"More than 60 percent of college graduates borrow to pay for their four-year degrees, and on average, the debt totals more than $29,000 by the time graduation day rolls around," the New America Foundation's Ed Central reports.
"When Gov. Bill Haslam announced the creation of the Tennessee Promise scholarship program, the state anticipated 20,000 students might apply," The Tennessean reports.
The Department of Education is expanding the Pay As You Earn Program, but some say it’s not enough.
"The fall-out from the financial crisis is still being felt in the lending industry, where tight loan standards and empty borrower pockets have led to some necessary innovation in recent years," MainStreet reports.
While financial aid can play a role in a student’s success, other behavioral factors can play a significant a role in enrollment and completion, ideas42 said in a webinar on Thursday. The webinar highlighted ongoing work the group is doing to address the low national completion rate by examining enrollment and retention at two schools – LaGuardia Community College in New York and San Francisco State University.
"In a surprising and somewhat embarrassing situation, administrators of California's new Middle Class Scholarship program last month awarded only about half the $107 million available," the Los Angeles Times reports.
"A new Pew Research Center study shows that from 2010 to 2012, the percentage of middle- and upper-middle-income students who borrowed money for college doubled, and they’re borrowing twice as much money as their peers did a generation ago," Take Part reports. "'The bottom line is more and more people are borrowing in all income brackets,' [NASFAA's Megan] McClean states."
"[R]ather than simply bring back the [Ability to Benefit] program as it previously existed, lawmakers should limit the program to schools that have a proven track record of serving their students well to prevent the type of abuses that have hounded it in the past," EdCentral reports.
NASFAA policy staff provide an in-depth look at final rules published yesterday by the Department of Education (ED) that modify the definition of “adverse credit history” in the PLUS Loan program and require loan counseling for PLUS borrowers with adverse credit who have extenuating circumstances or who have an endorser.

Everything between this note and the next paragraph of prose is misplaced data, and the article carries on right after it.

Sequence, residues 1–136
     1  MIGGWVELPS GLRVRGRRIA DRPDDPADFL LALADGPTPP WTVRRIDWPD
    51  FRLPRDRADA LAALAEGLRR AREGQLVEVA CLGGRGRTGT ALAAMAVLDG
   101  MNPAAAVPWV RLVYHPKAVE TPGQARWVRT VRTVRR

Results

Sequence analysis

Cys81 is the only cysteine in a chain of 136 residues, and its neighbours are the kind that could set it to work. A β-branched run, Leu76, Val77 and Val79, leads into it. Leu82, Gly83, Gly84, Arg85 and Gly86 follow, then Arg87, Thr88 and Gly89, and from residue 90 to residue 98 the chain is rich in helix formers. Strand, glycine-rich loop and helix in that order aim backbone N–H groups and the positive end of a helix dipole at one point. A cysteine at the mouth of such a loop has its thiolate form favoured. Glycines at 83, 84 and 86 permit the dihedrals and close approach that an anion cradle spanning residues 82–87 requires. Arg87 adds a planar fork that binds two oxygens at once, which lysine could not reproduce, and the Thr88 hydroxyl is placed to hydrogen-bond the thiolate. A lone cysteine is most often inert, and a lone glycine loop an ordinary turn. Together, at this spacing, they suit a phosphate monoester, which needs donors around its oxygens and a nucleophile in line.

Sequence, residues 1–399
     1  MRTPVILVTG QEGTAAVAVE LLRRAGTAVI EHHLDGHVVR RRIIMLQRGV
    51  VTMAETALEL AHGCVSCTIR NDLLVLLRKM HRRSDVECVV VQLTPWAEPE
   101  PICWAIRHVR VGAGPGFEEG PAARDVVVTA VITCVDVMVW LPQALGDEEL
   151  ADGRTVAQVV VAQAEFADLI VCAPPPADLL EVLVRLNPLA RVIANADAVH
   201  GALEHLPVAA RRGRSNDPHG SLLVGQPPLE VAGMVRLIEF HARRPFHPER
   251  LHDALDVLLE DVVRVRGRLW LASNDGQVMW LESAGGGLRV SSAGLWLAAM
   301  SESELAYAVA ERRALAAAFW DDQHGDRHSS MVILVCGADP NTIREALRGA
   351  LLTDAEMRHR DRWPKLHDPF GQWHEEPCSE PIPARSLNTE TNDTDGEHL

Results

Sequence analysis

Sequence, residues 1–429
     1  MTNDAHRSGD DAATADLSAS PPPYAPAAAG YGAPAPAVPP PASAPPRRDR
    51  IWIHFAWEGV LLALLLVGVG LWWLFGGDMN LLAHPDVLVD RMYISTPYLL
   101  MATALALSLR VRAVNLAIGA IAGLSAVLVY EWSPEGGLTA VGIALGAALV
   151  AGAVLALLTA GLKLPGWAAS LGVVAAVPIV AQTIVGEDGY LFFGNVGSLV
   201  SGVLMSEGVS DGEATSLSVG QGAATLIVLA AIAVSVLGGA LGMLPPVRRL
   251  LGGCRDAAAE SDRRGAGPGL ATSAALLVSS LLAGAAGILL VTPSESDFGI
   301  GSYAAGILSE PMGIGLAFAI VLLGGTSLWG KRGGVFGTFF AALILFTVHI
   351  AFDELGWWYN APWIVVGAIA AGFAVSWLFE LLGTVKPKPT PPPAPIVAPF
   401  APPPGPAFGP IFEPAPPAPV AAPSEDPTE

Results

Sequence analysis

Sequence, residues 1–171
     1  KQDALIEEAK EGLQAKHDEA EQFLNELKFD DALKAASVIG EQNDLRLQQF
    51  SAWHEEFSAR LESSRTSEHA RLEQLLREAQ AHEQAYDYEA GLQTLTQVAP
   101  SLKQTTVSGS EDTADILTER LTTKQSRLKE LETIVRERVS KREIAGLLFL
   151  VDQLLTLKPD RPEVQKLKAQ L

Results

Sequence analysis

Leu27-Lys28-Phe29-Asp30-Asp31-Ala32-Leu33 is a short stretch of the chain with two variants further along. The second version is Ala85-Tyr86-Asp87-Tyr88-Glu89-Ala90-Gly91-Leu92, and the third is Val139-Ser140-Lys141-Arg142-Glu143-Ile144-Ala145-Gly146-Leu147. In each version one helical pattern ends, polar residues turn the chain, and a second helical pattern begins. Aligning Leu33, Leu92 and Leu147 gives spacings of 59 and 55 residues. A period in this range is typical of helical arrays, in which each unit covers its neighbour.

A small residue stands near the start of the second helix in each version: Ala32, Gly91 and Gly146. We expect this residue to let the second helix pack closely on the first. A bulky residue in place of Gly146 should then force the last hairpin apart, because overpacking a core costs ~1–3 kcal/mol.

"Recently, [Mark] Cuban opined about student debt at Inc.’s GrowCo Conference. Against the backdrop of rising student loan default, he made a compelling case that, in the interest of economic growth, the federal government should set a per-student ceiling on the amount of student loan money it gives out every year," James Marshall Crotty writes for Forbes.
Attendees at next year’s NASFAA’s Leadership & Legislative Conference & Expo will have their choice of two leadership pathways allowing them to receive a more targeted experience than at previous conferences. The 2015 Leadership & Legislative Conference & Expo, taking place March 1-3, 2015, in Washington, D.C., includes two days of sessions on various leadership and professional development topics, followed by a day on Capitol Hill where participants can advocate directly with their congressional delegation on behalf of their students.
"Federal loan options for health profession students include health professions student loans, nursing student loans, primary care loans and loans for disadvantaged students," U.S. News & World Report's Student Loan Ranger blog reports.
"The U.S. Department of Education Wednesday announced additional changes to the Parent PLUS Loan requirements, which have been the source of much controversy recently," Diverse Issues in Higher Education reports.
"Virginia higher education officials are making it easier for students to take online classes and for universities to offer them," The Associated Press reports.
"Fortunately, colleges in recent years have become more transparent when it comes to letting prospective students know how much their education will cost," Consumer Affairs reports.